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Why Groundwork?

Have you ever noticed that if you take a horse out on a hack by any other means than riding, even riding and leading, you will inevitably get asked why you aren’t riding your horse? 🤷‍♀️


I once got asked on a bridleway while riding and leading 2 horses ‘why don’t you ride the other ones?’ I refrained from saying that I hadn’t developed the capability to ride 3 horses at once and quite honestly I’ve never had the desire to try Roman Riding and just smiled instead 🙃


I find it interesting that from a small age we are taught at ‘Riding’ Schools and that horses are for riding 🏇 Many of us don’t learn about groundwork until much later on when horse ownership dictates that we must 🤓


Isn’t it also interesting that most horse advertisements include good to load, shoe, clip etc, all groundwork skills that have nothing to do with riding. Why? Because we all know what a pain it is to have a horse that can’t do those things 🥵


Added to this quite honestly (and I’m no different) many of us enjoy riding our horses more than we enjoy groundwork.


So what’s the point? 🧐


In my mind groundwork divides into 3️⃣ categories and there are a number of reasons for each.


Category 1️⃣ - Foundation Groundwork 🔠


This is the basic communication and skills that every horse needs to be easy for everyone to handle and includes leading well, farrier, vet and clipping prep, loading, and basic communication of moving your horse around you right through to basic lunging and early loose schooling or liberty.





Category 2️⃣ - Fitness and Function Groundwork 💪


This includes lunging, long-reining, double lunging and in-hand work to develop your horses fitness and physical ability to carry a rider. Also used for rehab after injury and can include things like polework.


photo courtesy of peterjwalsh.com

Category 3️⃣ - Performance Goundwork 💃


This is where working with your horse on the ground becomes a discipline or art form and includes advanced in-hand work, ‘haute école’ and liberty work.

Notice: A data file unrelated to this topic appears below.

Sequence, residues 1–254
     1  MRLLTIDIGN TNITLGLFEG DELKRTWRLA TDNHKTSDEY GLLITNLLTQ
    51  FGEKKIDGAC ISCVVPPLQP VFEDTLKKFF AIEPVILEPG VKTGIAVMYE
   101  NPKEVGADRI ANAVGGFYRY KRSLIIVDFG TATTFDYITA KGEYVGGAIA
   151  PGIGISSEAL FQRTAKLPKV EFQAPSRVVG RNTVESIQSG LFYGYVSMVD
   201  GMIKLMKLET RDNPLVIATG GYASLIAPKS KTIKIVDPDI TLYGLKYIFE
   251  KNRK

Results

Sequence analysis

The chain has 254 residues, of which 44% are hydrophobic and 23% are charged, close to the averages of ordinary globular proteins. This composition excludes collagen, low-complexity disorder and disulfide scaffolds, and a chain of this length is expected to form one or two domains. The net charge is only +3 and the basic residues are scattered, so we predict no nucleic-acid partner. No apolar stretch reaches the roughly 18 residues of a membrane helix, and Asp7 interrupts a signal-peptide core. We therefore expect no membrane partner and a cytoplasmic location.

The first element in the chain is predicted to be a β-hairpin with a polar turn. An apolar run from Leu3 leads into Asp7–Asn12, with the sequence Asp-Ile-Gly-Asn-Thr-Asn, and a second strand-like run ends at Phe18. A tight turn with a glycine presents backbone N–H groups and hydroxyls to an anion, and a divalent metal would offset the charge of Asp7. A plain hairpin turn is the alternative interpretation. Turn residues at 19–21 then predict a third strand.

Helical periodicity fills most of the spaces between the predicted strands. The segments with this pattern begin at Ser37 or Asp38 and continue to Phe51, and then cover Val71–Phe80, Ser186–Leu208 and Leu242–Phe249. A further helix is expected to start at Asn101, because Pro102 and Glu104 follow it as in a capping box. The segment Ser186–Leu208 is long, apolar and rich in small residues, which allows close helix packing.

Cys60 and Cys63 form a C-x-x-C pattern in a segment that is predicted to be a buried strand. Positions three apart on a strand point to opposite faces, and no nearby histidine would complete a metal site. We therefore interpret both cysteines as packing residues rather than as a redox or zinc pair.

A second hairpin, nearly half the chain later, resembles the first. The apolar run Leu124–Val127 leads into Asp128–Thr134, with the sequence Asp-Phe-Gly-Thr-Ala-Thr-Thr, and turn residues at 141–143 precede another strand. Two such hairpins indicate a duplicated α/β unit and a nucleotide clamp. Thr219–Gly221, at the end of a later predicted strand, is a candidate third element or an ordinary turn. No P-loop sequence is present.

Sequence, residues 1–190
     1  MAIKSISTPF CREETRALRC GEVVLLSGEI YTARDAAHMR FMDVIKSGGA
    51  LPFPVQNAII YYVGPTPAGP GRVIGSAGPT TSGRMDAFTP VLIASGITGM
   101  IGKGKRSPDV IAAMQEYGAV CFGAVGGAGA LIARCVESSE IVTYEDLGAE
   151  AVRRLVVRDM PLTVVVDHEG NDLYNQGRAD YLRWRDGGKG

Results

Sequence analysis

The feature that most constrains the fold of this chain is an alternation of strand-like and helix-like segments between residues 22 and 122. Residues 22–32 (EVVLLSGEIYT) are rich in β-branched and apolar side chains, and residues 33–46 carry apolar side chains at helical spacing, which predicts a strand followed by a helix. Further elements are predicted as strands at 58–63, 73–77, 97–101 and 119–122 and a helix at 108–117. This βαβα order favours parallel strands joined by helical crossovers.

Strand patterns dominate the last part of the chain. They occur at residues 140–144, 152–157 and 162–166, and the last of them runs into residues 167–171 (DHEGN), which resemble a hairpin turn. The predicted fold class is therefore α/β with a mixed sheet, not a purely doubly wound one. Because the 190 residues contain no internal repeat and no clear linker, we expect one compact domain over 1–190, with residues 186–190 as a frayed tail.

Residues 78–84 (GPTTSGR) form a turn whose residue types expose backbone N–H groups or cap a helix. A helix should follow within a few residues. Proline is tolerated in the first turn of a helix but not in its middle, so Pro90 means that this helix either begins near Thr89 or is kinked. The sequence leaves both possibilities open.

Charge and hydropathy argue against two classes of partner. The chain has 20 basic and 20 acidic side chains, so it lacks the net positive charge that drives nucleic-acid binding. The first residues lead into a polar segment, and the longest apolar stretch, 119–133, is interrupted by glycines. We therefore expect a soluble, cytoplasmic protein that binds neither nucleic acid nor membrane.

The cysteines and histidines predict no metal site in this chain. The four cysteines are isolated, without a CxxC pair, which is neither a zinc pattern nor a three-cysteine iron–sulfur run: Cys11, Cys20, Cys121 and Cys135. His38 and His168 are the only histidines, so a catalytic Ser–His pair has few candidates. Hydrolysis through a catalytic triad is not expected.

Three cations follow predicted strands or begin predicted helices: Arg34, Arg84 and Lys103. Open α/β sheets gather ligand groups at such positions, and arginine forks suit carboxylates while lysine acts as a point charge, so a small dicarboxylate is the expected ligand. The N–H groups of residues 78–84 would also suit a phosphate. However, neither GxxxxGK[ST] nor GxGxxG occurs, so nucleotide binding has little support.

To my mind the first 2 are things every horse should know and the 3rd is personal choice based on what you like to do with your horse. Groundwork isn’t the most glamorous thing you’ll ever do with your horse and you’re unlikely to get given a rosette for it, but, having good groundwork skills will help you and your horse have more ‘Good Horse Days’ 🦄💕



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Before trying any training technique it is important to rule out pain or discomfort. Saddle fit, teeth, back, hoof balance and lameness issues should all be checked by a qualified professional before applying any training.

If you have questions or need idea's to help with a specific problem feel free to get in touch with me on lylacansfield@hotmail.com


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Lyla has been helping riders and their horses in the UK, USA and Europe for over 15 years. She has prepared horses for crowds of over 6,000 people with no calmers or ear plugs for venues including Birmingham NEC, Aintree, Bury Farm EC and Hartpury.


Lyla specialises in horse psychology and behaviour problems with a specific interest in dressage and has worked with horses from grass roots to Grand Prix across the UK and Europe including international competitors and Olympians from Spain, the US, Canada and the UK.


See www.lylacansfield.com or email lylacansfield@hotmail.com for more details.


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All training techniques discussed are from experience only, it is impossible for to accurately advise on horse/rider combinations without seeing them live. Lyla Cansfield & Equine Mind & Body Training strongly advise anyone considering using any of the techniques discussed to get live help and can take no responsibility for the outcome of applying any of the techniques discussed without supervision. Riding is a high risk sport.

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